Ancient Monuments

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Anglo-Saxon cemetery 150m east of Easterford Mill

A Scheduled Monument in Feering, Essex

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Latitude: 51.8389 / 51°50'20"N

Longitude: 0.7118 / 0°42'42"E

OS Eastings: 586916.282108

OS Northings: 219067.744257

OS Grid: TL869190

Mapcode National: GBR QKV.LSM

Mapcode Global: VHKG8.914L

Entry Name: Anglo-Saxon cemetery 150m east of Easterford Mill

Scheduled Date: 4 August 1995

Source: Historic England

Source ID: 1013515

English Heritage Legacy ID: 24866

County: Essex

Civil Parish: Feering

Built-Up Area: Kelvedon

Traditional County: Essex

Lieutenancy Area (Ceremonial County): Essex

Church of England Parish: Inworth All Saints

Church of England Diocese: Chelmsford


The monument includes part of an Anglo-Saxon cemetery situated on the river
gravels which rise to the east of the River Blackwater, overlooking the
The cemetery includes at least four ring ditches with central graves. These
are visible as cropmarks revealed by aerial photography. Originally these
burials had earthwork mounds over the central graves, the material for the
mounds being derived from the surrounding ditches. Further flat burials
between the ring ditches, which were never marked by mounds, are also
indicated on aerial photographs.
The largest ring ditch lies on the western edge of the group. Cropmark
evidence indicates the presence of a central pit or grave surrounded by a
circular ditch with a diameter of c.25m. The northernmost ring ditch has a
central grave and a diameter of c.15m. The central ring ditch is the smallest
of the group and has a diameter of c.5m. The southernmost ring ditch has a
large, circular central pit or grave c.8m in diameter which in turn is
surrounded by a circular ditch c.18m in diameter.
Between the ring ditches, cropmarks indicate the positions of large numbers of
pits identified as flat burials. Skeletal material was recovered from the
area directly to the south west of the monument during gravel quarrying.

The site of the monument is shown on the attached map extract.
It includes a 10 metre boundary around the archaeological features,
considered to be essential for the monument's support and preservation.

Source: Historic England

Reasons for Scheduling

Beginning in the fifth century AD, there is evidence from distinctive burials
and cemeteries, new settlements, and new forms of pottery and metalwork, of
the immigration into Britain of settlers from northern Europe, bringing with
them new religious beliefs. The Roman towns appear to have gone into rapid
decline and the old rural settlement pattern to have been disrupted. Although
some Roman settlements and cemeteries continued in use, the native Britons
rapidly adopted many of the cultural practices of the new settlers and it soon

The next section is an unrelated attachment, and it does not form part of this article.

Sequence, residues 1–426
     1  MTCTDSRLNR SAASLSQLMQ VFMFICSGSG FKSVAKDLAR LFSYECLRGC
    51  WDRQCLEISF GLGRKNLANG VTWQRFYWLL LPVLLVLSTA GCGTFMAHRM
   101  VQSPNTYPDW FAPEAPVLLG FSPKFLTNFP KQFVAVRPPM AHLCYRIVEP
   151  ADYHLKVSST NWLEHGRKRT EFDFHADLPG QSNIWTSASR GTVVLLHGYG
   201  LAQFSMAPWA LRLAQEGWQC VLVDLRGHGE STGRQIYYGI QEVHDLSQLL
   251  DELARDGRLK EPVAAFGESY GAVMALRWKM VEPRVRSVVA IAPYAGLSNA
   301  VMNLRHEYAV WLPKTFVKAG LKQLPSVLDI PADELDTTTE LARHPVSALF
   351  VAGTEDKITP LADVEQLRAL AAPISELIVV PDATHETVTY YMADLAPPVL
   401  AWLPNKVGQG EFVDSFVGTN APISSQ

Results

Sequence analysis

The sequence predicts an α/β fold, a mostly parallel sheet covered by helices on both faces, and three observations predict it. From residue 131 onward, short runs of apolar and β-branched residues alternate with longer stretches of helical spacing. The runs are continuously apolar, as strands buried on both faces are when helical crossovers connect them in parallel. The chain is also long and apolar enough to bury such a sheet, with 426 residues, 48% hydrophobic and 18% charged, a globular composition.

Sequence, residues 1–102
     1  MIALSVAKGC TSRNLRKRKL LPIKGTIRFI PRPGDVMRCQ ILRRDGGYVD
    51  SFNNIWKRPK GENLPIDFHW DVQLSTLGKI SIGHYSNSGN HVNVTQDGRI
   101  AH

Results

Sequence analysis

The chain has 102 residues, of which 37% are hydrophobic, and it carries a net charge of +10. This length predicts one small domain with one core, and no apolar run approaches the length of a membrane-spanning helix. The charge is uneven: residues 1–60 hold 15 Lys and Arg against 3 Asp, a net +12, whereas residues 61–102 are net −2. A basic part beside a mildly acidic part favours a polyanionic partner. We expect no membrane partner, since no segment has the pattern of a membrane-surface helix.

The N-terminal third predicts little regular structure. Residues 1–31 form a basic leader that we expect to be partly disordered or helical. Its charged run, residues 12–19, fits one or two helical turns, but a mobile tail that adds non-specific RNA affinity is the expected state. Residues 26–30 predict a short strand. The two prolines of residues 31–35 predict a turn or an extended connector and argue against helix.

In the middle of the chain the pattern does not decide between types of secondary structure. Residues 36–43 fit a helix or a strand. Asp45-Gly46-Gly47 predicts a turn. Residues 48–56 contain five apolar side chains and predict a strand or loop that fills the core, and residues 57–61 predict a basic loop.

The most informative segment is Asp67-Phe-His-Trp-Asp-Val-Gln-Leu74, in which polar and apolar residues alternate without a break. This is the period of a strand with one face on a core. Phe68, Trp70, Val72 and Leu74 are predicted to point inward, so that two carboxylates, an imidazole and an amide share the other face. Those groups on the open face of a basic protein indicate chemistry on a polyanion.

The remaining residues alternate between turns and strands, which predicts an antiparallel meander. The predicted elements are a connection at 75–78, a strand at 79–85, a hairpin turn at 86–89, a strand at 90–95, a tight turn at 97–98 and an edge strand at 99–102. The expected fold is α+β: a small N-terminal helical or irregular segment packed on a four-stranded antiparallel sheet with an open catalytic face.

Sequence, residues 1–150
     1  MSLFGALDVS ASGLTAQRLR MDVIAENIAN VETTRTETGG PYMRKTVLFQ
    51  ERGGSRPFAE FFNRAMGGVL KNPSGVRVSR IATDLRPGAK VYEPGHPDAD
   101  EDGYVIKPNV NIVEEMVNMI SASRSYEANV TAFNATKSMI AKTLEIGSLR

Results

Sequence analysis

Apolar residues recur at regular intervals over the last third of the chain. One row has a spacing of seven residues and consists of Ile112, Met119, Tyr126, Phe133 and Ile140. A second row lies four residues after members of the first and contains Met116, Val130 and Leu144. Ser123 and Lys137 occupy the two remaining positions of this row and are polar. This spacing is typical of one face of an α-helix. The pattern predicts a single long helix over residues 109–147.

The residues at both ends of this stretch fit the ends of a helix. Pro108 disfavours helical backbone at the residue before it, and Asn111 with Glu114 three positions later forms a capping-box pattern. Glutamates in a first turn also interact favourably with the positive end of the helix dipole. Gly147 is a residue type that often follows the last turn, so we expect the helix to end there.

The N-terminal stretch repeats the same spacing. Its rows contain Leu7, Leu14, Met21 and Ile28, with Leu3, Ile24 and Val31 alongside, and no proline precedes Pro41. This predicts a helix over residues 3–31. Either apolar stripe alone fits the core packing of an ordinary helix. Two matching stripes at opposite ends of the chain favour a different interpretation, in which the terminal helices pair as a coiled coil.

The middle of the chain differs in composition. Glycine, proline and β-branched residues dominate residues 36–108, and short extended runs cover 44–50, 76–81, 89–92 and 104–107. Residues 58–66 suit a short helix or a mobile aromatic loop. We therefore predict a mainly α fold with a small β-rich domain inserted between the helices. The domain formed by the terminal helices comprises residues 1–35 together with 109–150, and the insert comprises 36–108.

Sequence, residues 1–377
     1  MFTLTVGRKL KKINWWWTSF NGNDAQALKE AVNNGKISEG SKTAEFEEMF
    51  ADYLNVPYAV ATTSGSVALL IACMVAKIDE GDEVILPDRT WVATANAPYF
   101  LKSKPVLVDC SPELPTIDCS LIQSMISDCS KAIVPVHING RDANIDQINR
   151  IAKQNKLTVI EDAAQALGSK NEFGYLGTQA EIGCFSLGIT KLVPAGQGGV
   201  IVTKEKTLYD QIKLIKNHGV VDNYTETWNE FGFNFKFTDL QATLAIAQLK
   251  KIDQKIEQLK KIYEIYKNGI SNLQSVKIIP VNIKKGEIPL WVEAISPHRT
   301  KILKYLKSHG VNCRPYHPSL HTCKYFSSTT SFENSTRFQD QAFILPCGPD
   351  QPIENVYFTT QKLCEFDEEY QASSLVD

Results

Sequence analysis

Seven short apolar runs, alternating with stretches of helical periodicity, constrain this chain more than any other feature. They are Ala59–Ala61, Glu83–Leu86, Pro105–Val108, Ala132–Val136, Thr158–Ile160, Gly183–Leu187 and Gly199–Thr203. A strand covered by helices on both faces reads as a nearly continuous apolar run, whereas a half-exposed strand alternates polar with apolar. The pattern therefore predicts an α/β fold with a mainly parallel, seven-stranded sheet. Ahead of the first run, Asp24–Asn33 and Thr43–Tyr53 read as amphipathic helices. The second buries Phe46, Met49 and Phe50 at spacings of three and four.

becomes difficult to distinguish them in the archaeological record. So-called
Anglo-Saxon cemeteries are dated to the early Anglo-Saxon period, from the
fifth to the seventh centuries AD. With the conversion to Christianity during
the late sixth and seventh centuries AD, these pagan cemeteries appear to have
been abandoned in favour of new sites, some of which have continued in use up
to the present day. Burial practices included both inhumation and cremation.
Anglo-Saxon inhumation cemeteries consist predominantly of inhumation burials
which were placed in rectangular pits in the ground, occasionally within
coffins. The bodies were normally accompanied by a range of grave goods,
including jewellery and weaponry. The cemeteries vary in size, the largest
containing several hundred burials. Around 1000 inhumation cemeteries have
been recorded in England. They represent one of our principal sources of
archaeological evidence about the Early Anglo-Saxon period, providing
information on population, social structure and ideology. All surviving
examples, other than those which have been heavily disturbed, are considered
worthy of protection.

Although ploughed over, the graves in the Anglo-Saxon cemetery east of
Easterford Mill will survive well below the ploughsoil. The cemetery combines
both flat inhumation burials and barrows. The graves and ditches will
contain archaeological remains and environmental evidence relating to the
funerary practices and social systems of the community which buried their dead
here, as well as the landscape in which the monuments were constructed.

Source: Historic England


Books and journals
The Victoria History of the County of Essex: Volume I, (1903), 327
The Victoria History of the County of Essex: Volume I, (1903)
Hull, M R, The Victoria History of the County of Essex, (1960)
Powell, W R, The Victoria History of the County of Essex, (1963)
Powell, W R, The Victoria History of the County of Essex, (1963), 150
Cambridge University Collection, BXN34, (1976)
National Monument Record, SF1573-191,193,194,196,199, (1979)

Source: Historic England

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